Unfortunately, it can be very difficult for the physical therapist to provide the patient with all of the desired instructions via the aforementioned written guidelines, even where these guidelines include paper drawings.

For one thing, it can be prohibitively time-consuming for the physical therapist to provide each individual patient with their own unique set of written instructions, where those instructions are perfectly tailored to the specific physical therapy regimen to be undertaken by that patient.

For another thing, in many cases it can be very difficult for the therapist to provide the patient with a set of written instructions which will provide all of the desired information to the patient. This may be due to the inherent difficulty of illustrating dynamic actions using static drawings, and/or due to patient miscomprehension of written instructions, etc.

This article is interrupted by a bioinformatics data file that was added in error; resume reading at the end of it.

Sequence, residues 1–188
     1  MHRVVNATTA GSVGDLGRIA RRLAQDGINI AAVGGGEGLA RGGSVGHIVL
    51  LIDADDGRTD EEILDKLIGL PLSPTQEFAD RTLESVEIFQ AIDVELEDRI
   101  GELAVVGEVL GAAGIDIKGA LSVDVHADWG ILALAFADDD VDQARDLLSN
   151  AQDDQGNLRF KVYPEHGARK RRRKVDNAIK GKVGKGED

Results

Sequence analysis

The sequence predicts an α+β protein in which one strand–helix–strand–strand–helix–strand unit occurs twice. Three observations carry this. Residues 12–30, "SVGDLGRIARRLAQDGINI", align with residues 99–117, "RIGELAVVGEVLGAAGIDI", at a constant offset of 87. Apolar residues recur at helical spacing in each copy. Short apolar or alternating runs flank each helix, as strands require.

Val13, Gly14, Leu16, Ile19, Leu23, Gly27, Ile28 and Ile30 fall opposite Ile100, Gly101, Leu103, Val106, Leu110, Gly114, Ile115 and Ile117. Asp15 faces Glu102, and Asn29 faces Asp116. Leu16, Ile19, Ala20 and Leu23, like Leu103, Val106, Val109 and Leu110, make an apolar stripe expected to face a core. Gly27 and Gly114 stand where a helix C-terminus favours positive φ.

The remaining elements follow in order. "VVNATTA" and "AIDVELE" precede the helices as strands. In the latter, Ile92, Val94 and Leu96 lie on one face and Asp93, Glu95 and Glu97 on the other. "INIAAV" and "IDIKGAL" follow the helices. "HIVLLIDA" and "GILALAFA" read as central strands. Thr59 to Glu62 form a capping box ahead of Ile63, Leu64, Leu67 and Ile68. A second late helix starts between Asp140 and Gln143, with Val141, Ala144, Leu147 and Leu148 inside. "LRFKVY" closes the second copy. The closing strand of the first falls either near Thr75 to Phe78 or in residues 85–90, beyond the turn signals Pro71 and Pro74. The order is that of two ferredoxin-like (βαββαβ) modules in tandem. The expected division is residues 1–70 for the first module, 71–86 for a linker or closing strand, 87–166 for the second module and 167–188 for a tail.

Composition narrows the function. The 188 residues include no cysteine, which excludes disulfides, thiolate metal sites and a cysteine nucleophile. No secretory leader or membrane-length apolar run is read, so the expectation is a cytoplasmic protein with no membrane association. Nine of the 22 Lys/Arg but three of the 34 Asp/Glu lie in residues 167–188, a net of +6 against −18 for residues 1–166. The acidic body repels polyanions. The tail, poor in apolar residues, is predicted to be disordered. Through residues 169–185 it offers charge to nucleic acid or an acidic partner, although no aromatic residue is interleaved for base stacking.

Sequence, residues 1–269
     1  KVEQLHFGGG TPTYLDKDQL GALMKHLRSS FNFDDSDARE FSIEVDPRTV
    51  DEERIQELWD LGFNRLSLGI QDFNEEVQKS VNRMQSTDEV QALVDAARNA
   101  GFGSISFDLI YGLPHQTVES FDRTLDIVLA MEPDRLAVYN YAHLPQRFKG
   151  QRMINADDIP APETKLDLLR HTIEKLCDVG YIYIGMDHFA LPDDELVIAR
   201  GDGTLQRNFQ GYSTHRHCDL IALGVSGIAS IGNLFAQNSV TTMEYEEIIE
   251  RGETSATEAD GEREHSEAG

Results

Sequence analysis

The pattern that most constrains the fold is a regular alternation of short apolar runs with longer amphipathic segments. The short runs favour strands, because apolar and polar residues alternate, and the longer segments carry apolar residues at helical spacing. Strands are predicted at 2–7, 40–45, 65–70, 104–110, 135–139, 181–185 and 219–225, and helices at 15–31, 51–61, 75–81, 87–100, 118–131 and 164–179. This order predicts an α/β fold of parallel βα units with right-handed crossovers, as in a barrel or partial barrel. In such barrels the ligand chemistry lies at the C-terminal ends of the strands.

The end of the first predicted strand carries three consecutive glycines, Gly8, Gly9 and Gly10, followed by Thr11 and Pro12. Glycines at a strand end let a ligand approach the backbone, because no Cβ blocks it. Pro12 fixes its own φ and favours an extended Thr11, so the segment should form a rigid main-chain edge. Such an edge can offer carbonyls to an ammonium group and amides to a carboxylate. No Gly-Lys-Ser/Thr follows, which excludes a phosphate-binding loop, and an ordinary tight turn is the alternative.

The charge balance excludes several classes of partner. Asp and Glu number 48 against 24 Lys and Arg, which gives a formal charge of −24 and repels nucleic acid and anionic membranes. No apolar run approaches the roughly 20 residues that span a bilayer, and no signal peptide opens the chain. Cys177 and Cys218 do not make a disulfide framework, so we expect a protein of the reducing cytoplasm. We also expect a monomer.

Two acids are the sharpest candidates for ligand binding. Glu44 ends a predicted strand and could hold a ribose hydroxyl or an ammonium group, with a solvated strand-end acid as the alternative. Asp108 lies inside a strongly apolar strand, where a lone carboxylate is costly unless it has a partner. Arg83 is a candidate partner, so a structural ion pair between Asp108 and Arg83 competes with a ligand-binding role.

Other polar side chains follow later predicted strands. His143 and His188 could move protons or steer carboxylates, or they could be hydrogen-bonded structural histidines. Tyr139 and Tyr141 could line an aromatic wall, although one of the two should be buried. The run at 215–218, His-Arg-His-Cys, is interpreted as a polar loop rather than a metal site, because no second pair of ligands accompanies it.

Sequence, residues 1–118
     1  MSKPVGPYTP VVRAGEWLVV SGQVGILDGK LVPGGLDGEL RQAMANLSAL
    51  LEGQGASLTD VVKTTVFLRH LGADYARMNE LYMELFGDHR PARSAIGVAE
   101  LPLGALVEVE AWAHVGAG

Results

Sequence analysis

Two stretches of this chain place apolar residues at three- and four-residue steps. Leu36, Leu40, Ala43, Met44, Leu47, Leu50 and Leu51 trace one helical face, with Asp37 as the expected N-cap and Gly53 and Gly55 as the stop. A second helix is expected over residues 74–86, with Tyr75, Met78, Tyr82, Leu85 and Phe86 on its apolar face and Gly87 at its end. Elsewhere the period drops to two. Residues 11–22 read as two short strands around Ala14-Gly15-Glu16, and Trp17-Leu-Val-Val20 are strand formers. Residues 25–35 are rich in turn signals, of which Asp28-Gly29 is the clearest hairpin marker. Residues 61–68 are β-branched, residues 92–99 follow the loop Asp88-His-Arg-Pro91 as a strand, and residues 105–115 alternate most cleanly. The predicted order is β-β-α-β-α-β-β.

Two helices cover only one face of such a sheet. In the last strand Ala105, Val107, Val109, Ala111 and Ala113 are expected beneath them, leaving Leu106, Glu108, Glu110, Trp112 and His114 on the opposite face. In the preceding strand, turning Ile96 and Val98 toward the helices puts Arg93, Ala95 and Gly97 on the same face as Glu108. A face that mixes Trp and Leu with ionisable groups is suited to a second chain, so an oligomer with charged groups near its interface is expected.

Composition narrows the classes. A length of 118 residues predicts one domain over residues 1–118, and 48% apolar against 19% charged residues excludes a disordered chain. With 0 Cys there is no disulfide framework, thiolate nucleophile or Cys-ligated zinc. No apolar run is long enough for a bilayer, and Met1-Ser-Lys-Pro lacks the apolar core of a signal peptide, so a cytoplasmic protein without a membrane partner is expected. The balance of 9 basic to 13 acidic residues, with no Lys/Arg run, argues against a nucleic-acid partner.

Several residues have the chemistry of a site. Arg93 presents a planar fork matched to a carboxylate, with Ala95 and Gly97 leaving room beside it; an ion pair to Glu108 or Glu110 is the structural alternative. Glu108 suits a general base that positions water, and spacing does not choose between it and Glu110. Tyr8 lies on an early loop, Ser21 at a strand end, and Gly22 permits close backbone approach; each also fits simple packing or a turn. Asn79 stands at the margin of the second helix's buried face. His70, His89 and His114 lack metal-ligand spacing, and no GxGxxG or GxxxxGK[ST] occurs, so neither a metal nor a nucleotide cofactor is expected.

In addition to the foregoing, many patients tend to find their prescribed exercises extremely boring, due to the highly repetitive nature of these exercises. As a result, some patients unilaterally shorten their exercise regimen, or they may even skip it altogether. This can significantly undermine the effectiveness of the physical therapy prescribed for that patient.

OBJECTS OF THE INVENTION

As a result, one object of the present invention is to provide a novel system for providing patient-specific physical therapy to a patient.

Another object of the present invention is to provide a novel method for providing patient-specific physical therapy to a patient.

And another object of the present invention is to provide a novel interactive touchscreen workstation for generating patient-specific physical therapy videotapes.